Do not give up hope

December 4, 2007 at 4:17 am

I am sorry that your Dad is having so many problems, but as I read this, I thought–What a fighter he is!!!! He/his body is trying so hard.

People are amazing in how beautifully bodies balance and work even after so many decades of life’s challenges. However, once one problem hits, it is harder to balance the rest and you can start seeing more of this type of health oscillation where it becomes so difficult to get back to “stable” and the balance is tenuous. When someone has a bad infection, the body tries to fight it and there is an intense inflammatory response. this can make inflammatory diseases (like GBS/CIDP) worse. The body sends out as many white blood cells as possible to fight the infection and the lack of reserves then makes the WBC low and the body more susceptible for a while. Third spacing is when fluid leaks outside of the blood vessels and this frequently happens with sepsis (even when the body acts like there is a bad infection, but no positive cultures for infection happen). The leaking is into the extremities (edema =swelling and puffiness) or into the lungs (as seen by the need for a chest tube to drain this “extra” fluid) or anywhere else or diffusely. All this extra fluid can also overload the heart and cause congestive heart failure. Whenever someone drops their blood pressure very low, doctors give fluids or “pressors” (medicines to recover the blood pressure–think of it as medicines to cause the blood vessel walls to press together to keep up the blood pressure) to bring it back up because the body needs the blood pressure to be high enough to make blood go especially to the very important brain. Kidneys are also very sensitive to low blood pressure and if the kidneys stop working as well, it is harder to get rid of the extra fluid after the body begins to stabilize. This fluid builds up in the lungs (which is dangerous), annoys the heart, swells the legs (which predisposed to clotting), etc. It is a “domino effect” where one thing leads to another that leads to another. It gets harder and harder for a body to re-balance it all. As the others have said, often the autonomic system that controls blood pressure and heart rate/function does not work normally in GBS/CIDP. This also makes it more likely to have greater swings from side to side and more challenges to re-stabilize. As well, it is harder to treat an infection if you do not know what it is and not treating well enough (because of this lack of knowing exactly what or how much is needed because one does not know the exact cause of the infection–bacteria type or place) can lead to relapse of the infection or to development of a second “resistant” infection. From what you have said about this being an abrupt onset after he was doing better, it sounds like it had to be treated as sepsis as it was. It also sounds like they and he are fighting hard to rebalance and get over this. Please expect that it will be slow. When there is a lot of serious backsteps in progress to recovery, often the approach is to try a slow and steady path rather than a quick one because it is far better not to have another significant step back. Nature (as a word for the awesome design of God) is the greatest healer. As a person who works in healthcare, I am so awed by this and know that in people as strong as your Dad, people in healthcare just are helping hands in this process. It may be flustrating that progress is slow or that there is no magic repair, but do not give up hope.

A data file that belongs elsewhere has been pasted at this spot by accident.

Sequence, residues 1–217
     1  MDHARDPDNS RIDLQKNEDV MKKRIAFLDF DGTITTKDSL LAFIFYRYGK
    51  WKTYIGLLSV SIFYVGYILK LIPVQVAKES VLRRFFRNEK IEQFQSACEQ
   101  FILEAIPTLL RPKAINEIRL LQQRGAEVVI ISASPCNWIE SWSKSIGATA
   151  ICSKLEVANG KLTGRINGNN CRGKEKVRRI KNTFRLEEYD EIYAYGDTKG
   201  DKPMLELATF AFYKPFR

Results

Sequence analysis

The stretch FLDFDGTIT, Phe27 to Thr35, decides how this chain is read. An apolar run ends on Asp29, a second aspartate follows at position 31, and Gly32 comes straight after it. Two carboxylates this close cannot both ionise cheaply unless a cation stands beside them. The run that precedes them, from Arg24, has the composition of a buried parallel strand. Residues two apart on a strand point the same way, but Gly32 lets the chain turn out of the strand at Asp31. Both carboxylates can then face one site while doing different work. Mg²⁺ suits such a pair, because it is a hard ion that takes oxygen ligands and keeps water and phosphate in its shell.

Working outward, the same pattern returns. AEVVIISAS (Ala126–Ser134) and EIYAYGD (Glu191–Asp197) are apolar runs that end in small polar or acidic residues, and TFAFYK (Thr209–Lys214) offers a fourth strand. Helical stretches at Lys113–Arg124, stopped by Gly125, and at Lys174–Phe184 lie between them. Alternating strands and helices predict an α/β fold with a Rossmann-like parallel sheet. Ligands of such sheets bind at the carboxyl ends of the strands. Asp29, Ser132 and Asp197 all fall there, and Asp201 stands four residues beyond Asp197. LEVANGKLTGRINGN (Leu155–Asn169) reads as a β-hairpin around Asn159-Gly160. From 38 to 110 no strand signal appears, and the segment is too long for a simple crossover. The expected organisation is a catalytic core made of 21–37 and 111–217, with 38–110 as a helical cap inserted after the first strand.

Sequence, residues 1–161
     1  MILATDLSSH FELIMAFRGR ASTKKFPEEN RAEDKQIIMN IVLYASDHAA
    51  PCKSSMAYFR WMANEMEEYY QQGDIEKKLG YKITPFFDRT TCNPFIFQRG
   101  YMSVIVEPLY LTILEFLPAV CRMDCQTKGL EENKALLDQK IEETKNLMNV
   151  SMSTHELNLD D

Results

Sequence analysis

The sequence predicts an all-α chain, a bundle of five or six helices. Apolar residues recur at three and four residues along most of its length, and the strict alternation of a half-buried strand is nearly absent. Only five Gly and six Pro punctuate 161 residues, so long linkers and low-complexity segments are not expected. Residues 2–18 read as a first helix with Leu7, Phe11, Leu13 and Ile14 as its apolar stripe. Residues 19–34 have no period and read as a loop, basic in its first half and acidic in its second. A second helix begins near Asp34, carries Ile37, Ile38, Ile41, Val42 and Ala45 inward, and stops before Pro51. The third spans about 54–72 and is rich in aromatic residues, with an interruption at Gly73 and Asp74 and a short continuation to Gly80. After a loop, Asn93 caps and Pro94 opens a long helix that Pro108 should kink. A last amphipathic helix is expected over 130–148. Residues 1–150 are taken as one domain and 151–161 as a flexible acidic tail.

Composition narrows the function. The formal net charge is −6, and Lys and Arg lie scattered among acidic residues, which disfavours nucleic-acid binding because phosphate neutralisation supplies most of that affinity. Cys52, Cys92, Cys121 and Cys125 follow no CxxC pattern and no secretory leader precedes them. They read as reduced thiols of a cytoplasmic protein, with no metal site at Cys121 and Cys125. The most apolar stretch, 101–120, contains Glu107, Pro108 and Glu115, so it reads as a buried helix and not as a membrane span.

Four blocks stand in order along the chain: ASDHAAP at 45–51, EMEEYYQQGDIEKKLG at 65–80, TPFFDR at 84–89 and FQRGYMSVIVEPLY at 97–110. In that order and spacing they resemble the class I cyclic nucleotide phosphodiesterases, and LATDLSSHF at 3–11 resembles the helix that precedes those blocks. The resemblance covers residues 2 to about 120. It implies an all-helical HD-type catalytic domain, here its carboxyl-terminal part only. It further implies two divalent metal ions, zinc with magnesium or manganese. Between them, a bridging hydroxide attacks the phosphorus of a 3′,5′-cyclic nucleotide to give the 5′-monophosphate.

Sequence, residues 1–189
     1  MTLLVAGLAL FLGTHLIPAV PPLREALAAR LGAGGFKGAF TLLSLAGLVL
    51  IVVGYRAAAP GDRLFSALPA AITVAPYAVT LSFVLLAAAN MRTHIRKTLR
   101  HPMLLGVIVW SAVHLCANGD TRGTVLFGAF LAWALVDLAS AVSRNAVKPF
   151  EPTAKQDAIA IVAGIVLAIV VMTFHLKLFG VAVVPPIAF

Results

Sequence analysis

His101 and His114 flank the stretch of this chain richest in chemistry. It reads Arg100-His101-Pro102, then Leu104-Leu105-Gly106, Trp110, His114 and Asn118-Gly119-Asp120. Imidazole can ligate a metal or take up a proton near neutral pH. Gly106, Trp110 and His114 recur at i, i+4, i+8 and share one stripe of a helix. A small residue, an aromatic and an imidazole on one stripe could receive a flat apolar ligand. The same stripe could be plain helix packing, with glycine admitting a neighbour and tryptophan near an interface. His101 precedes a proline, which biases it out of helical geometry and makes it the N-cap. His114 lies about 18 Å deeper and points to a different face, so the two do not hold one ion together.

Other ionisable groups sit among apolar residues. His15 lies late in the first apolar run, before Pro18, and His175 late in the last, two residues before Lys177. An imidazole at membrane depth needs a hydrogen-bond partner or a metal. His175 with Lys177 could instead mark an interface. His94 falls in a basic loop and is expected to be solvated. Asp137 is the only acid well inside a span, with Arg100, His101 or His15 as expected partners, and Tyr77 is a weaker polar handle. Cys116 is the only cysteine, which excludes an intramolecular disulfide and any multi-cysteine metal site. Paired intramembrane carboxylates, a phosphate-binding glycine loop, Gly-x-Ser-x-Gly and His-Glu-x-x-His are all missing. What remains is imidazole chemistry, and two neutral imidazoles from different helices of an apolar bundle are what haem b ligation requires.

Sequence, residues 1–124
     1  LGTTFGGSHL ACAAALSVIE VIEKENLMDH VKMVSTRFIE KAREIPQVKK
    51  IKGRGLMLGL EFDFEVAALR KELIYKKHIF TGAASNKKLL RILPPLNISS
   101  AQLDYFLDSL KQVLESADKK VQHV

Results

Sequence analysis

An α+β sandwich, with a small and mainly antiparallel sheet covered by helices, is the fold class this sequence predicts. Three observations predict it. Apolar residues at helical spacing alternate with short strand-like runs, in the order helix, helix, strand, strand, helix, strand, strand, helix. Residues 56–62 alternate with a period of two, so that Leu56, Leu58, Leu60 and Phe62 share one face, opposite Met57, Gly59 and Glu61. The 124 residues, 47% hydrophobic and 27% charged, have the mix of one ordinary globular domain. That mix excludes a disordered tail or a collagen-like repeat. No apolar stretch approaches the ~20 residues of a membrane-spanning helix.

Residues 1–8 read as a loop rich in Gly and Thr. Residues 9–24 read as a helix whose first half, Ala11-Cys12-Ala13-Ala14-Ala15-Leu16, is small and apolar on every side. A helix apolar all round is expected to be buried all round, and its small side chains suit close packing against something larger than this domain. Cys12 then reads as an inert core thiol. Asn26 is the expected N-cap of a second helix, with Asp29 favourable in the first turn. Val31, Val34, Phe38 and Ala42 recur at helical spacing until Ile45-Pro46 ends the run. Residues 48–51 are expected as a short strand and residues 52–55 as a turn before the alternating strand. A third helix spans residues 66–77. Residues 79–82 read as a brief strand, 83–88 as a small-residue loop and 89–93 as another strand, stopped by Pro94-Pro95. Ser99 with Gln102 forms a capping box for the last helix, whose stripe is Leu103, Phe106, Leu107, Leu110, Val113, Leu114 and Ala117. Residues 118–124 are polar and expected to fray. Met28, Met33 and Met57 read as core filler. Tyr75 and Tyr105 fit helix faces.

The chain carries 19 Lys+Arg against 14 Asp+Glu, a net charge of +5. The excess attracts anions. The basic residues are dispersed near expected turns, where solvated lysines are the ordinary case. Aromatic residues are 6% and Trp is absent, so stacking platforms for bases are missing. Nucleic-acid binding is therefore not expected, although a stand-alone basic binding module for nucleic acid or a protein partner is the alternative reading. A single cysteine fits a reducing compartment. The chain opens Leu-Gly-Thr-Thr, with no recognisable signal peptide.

It is late and I may not be clear, but the main points again are that your Dad is trying hard, that although it is really hard to rebalance he has on his very positive side both that he was previously healthy and that he had rebalanced after the previous setbacks (he has resilience). Our thoughts are with you.

With Hope for cure of these diseases.